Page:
Don’t you just hate it when your favorite television show gets canceled? Even if the series had a satisfying conclusion, sometimes you still feel like you want to see the story of the characters you have grown attached to over however many seasons continue.
Believe it or not, many comic book writers feel the same way. It is not an uncommon practice for the stories of certain television shows to continue in the comics even after the show is canceled.
Shows like “Gargoyles,” “Star Trek” and “Buffy: The Vampire Slayer” have all continued their stories in various comic book series. Today we take a look at the continuation of one of my favorite television shows, “Smallville.”
The show “Smallville” aired on the CW, at the time called the WB, from 2001 to 2011. Initially, the show was meant to be a prequel to Superman, focusing on a young Clark Kent in high school learning to control his powers and discovering more about his alien past.
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In later seasons, the characters started to take on a life of their own and the focus shifted to one more based on retellings of classic Superman story arcs, with the series ending with Clark finally donning the mantle of the Man of Steel.
The show had a pretty devoted fan base, but several comic fans have expressed their dislike for the show, often making complaints in the vein of, “It’s been ten years, is he Superman yet?”
I personally loved the show and loved how the characters evolved over time without necessarily restricting themselves to the 60-year-long continuity of the comics.
Throughout the later seasons, several other DC heroes were introduced as recurring characters or in some cases regular cast members. Characters like Aquaman, Black Canary, Martian Manhunter and most notably, Green Arrow, all had their time to shine during the series.
However, there was one character that never was featured in the show, much to the disappointment of the fans. Fortunately, part of the beauty of making the transition from television to comic books is being able to write stories that would otherwise be impossible to bring to life in a live action show.
Today, we have the debut of Batman in the Smallville Universe. The story begins in Gotham City with Batman and his sidekick Nightwing fighting off some arms dealers. One of the crooks drops the name Joe Chill, a name Batman recognizes as that of the man who murdered his parents.
After that there is a hostage situation in Metropolis where Superman defeats a petty criminal with a high tech teleport suit. The rescue is witnessed by billionaire playboy, Bruce Wayne, in town for a meeting with Lex Luthor, or at least that’s what he wants people to think. That night Batman breaks crime boss Bruno Manheim out of jail for information on Joe Chill, only to be stopped by Superman. This leads into a confrontation between the two for the next issue.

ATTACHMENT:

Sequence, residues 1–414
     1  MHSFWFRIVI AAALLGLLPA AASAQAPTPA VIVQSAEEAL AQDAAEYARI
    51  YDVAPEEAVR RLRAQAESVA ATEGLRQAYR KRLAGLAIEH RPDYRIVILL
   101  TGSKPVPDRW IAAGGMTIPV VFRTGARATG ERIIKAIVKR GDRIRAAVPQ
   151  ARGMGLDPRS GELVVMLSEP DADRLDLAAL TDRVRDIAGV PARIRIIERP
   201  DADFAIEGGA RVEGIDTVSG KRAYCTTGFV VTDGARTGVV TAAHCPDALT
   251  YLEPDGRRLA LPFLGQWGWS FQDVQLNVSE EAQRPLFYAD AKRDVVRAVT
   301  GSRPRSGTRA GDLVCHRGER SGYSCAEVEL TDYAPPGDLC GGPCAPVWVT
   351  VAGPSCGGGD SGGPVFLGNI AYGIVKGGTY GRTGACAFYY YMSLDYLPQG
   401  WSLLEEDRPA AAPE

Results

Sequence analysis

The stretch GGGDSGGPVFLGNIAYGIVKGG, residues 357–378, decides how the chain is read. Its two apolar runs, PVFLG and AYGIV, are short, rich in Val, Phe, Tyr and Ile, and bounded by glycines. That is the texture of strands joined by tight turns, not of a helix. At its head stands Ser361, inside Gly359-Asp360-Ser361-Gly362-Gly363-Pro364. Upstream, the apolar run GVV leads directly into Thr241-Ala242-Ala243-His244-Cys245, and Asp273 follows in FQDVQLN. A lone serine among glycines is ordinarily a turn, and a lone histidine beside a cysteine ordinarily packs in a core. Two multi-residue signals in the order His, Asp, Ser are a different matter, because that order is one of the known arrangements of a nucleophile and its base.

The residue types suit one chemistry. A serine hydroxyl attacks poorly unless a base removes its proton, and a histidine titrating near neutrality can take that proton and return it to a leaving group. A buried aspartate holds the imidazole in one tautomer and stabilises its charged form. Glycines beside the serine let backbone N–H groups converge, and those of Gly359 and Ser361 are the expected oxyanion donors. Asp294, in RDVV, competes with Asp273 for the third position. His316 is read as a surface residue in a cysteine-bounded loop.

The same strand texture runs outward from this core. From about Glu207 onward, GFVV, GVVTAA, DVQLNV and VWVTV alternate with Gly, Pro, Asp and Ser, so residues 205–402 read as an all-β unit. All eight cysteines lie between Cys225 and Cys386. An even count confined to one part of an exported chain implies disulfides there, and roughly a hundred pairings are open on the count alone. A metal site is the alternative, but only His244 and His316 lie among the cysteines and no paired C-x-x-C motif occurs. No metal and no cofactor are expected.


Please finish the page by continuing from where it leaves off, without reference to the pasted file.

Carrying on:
I can see this as an episode of the TV series and a good one. Several nods to the series are included but not to the point where they alienate those who have never seen the show.
The scenes with Batman are well done and the character’s introduction in this universe is handled exactly how it should have been. In regards to the artwork of this week’s comic, the characters from the show are all recognizable and resemble the actors from the show.
The design of Batman is also nice. Batman’s costume looks a lot more like a high tech suit of armor and appears more practical and realistic than other incarnations but does not lose the iconography of the character. The illustrations excellently shift the mood between the dark and dreary streets of Gotham to the bright and colorful Metropolis.
The characters from the show, namely Clark Kent, Lois Lane and Lex Luthor, all feel like what their counterparts from the show would eventually become. Clark and Lois’ quirky banter as well as Lex’s obsession remain intact. Batman on the other hand is a bit more complex.
It seems they’ve opted for a more a much darker and more morally questionable Batman than one might expect, it’s not a bad change, just a change and it creates a nice contrast for Clark, who is an icon of truth and justice, adored by the entire town. Nightwing is the only character that bothered me. In this universe, Nightwing is Barbara Gordon, Batgirl in the main continuity.
I don’t understand why the change was made nor do I understand why they made the ordinarily compassionate and book smart character of Barbara into an annoying little girl who’s excited at the prospect of beating up criminals.
Wes Serafine can be contacted at